Writer Anne Helen Petersen, who moderates subscriber forums as part of her popular newsletter Culture Study and has hosted two soup-sharing threads, thinks the food encourages an earnestness and a willingness to engage with other people. “You can’t be a bitch when you’re talking about soup,” she says. Both of her soup threads are filled with hundreds of comments—which include a lot of emphatic support for Ottolenghi’s curried lentil soup as well as helpful recipe tweaks to build on cooking basics—posted by people of all ages and backgrounds. “Last year someone made a spreadsheet with all of the soup recipes,” she says. “That kind of thing is very soup girlie.”
Soup Internet sits squarely within a genre of wholesome content that has been steadily growing since the 2016 election, says Don Caldwell, the editor in chief of Know Your Meme, which traces the origins of internet culture. As Kathryn Jezer-Morton, a writer who studies momfluencers, argued in a Substack post about “cozy season” last year, “Coziness has become a powerful social media aesthetic.” She cites a neat, inviting online world of “neutral-toned knits,” “freshly brewed hot drinks,” and flickering candles. It’s all an attempt to offset “the unpredictable reality of the world outside.”
In Caldwell’s mind, our online impulse towards curated coziness is a natural reaction to chaotic times: polarizing politics, skyrocketing inflation, global warming, and a never-ending pandemic, to name a few dark themes. Videos of tantalizing soup recipes and cute baby Yoda memes offer “a way to take a break from all the toxic shit,” he says. Petersen also thinks our love of soup is wrapped up in a desire for security and comfort. “We all want to be ensconced in a blanket, essentially,” she says. A bowl of split pea soup—whether or not you actually make it—is a speedy solace. “Watching somebody make soup is healing too,” Haas argues.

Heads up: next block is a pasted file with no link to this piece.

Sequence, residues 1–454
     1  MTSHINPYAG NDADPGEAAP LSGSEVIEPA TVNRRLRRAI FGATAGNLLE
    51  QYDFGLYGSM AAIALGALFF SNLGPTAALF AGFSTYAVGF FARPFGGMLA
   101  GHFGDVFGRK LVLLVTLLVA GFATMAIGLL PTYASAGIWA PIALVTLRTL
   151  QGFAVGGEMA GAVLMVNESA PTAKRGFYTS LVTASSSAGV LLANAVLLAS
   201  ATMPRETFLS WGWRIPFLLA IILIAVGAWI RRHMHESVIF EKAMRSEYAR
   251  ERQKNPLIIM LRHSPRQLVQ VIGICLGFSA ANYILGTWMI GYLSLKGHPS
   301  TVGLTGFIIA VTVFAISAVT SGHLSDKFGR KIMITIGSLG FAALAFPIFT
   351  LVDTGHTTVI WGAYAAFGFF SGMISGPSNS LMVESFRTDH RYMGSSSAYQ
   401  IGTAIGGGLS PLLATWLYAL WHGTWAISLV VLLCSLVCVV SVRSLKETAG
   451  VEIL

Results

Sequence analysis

Even saying the word—soup—is a delightful experience. The way your mouth forms a pouty kiss. And the unavoidable tonal uptick when you articulate the bouncy, happy little p on the end, like whoop.
The first ever mention of soup on Twitter happened in March, 2006: “I go to HO foods to get soup for my sick-getting self,” wrote @crystal, one of the platform’s earliest users. You don’t need to know what kind of illness they were fighting to understand why steamy soup felt like the right answer. Forever, a bowl of liquid food has been thought of as medicinal, for all its ability to relieve our ails. The post generated an objectively meh 85 likes, but it offers a snapshot of a primal yearning for coziness—the want to be coddled—that now dominates social media almost two decades later.
By the end of 2020, many of us became versions of Crystal, whether we were actually ill or not. I still wonder what my emotional state would be like if I didn’t have a weekly ritual of pounding edibles and nursing a steamy bowl of Tuscan fish stew, lemon-tortellini soup, or dill-y borscht while I melted into the couch like candle wax.
Put another way: Does the rocketing popularity of soup content also represent a kind of collective cry for help, as Jezer-Morton thinks is true of the cozy aesthetic in general? In the same way a hot shower feels so much better after a day in the snow, maybe soup seems like such a powerful prophylactic right now because it’s just so brutal out there. “You want something that’s going to soothe you from the inside out,” says Molinaro.
The ability to go “soup mode,” as George Costanza coined all those years ago, has become our shared, virtual practice of softness and mush. It might have been a coping method forged amid years of hardship. Or maybe it’s not that deep: It might just be that soup tastes really, really good.